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Thursday, November 10, 2005
Oakland Tribune: Preservation closer for a great stadium
IN A 1921 Oakland Tribune article, future University of California president Robert Gordon Sproul announced preliminary plans for a football stadium with a vision even Jeff Tedford might view as overzealous. Sproul trumpeted the blueprint for Memorial Stadium as "an architectural monument ranking with the greatest structures of all times." Footnote: Sproul was touting a football stadium that was supposed to be built more toward the center of Berkeley, approximately where the Cal's track facility, Edwards Stadium, now sits. But earthquake fault lines and nightmarish parking issues aside, 82 years of hindsight provide ample proof things turned out even better when the UC regents decided to save a few dollars and move the project — amid controversy, of course — to a parcel of land the university already owned near the entrance of Strawberry Canyon. While perhaps not ranking with "greatest structures of all times" like the Pyramids, Parthenon or Roman Colosseum, Memorial Stadium definitely ranks as one of the greatest athletic structures of all times — even most outsiders who experience it say that — and should be restored and modernized with the kind of pride, care and civic unity a historically significant architectural monument deserves. With that in mind, current Cal chancellor Robert Birgeneau will announce further specific details of the stadium's physical facelift today along with fresh information on the larger planned transformation of the entire southeast corner of the Cal campus, which includes the schools of law and business. Long considered nothing more than a pipe dream, the preservation of Memorial Stadium for the 21st century keeps inching closer to reality. At long last, Cal insiders are finally feeling truly confident about it. While there is still a long way to go, a significant percentage of the financing has been raised. Architects appear to have come up with a winning and dynamic conceptual plan for the stadium itself incorporating modern amenities, improved access and critical seismic safety modifications without wrecking its external beauty and historical austerity. From here, it must become a crusade of unity and purpose both on and off campus. Just as was the case in 1921, there are grave civic concerns as well as staunch outright opposition. Neighborhood groups are justifiably worried about permanent lighting that will be part of the renovation. There are quality-of-life issues about congestion, lack of parking, construction impositions, more noise and increased student and patron vandalism and drunkenness. But all concerned can't blow this chance to get it right on Memorial Stadium, because there is not likely going to be a better opportunity for such a mammoth project to succeed.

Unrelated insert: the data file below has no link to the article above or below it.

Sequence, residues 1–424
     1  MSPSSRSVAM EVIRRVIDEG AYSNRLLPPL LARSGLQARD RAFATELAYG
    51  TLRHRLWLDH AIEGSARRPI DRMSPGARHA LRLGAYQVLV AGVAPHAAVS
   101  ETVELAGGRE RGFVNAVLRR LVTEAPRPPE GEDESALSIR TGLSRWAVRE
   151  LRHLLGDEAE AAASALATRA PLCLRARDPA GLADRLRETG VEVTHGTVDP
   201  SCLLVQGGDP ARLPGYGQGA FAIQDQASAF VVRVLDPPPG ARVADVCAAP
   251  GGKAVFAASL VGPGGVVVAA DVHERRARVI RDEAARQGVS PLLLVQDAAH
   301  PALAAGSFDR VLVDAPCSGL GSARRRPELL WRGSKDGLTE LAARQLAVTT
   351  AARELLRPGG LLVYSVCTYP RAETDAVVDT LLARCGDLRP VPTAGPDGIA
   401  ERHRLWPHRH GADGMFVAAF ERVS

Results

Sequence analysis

Forget about the revival and perpetuation of Cal's national football viability orchestrated by Tedford. That's important, but not enough is said about the structure itself and the absolute necessity to save it for future generations. Memorial is the best total stadium experience in America to watch college football and also enjoy a fall Saturday in a unique, wonderful city. For its size, the stadium itself is remarkably intimate. The hillside setting is sublime, the views in almost all directions spectacular, the historical aura palpable. As one who has been to many of the great stadiums in the land, there's simply no place I'd rather be to watch a football game, that's for sure. I feel Andy Smith, Brick Muller, Joe Roth, Pappy Waldorf, Chuck Muncie inside that bowl. I can only imagine how Cal grads adore the place and all the friendly ghosts they must encounter. Whether Tedford's ambitious football program had stimulated this renovation or not, something would have had to be done soon about Memorial Stadium. It has been deteriorating badly for years. The seismic issues would have had to be addressed, either by fixing the stadium or demolishing it. Such a fate is incomprehensible to me, and I don't even bleed blue and gold. Fortunately, Cal appears to be on the right course and well on its way to a grand, inspired new era for the stadium and its surrounding environment. The next big step is unveiled today, and if Berkeley can't get excited about that, something's amiss, particularly with No.1 USC in town on Saturday. Civic concerns are very real and duly noted but the good far outweighs the bad in this quest. Berkeley shouldn't fight this project. It should embrace the heritage of Memorial Stadium, sustain and build on the legacy and keep working toward the ultimate vision of Robert Gordon Sproul: "An architectural monument ranking with the greatest structures of all times." Believe it, even as the tired old bowl sits now, folks elsewhere — including across the universe at Stanford — are insanely jealous.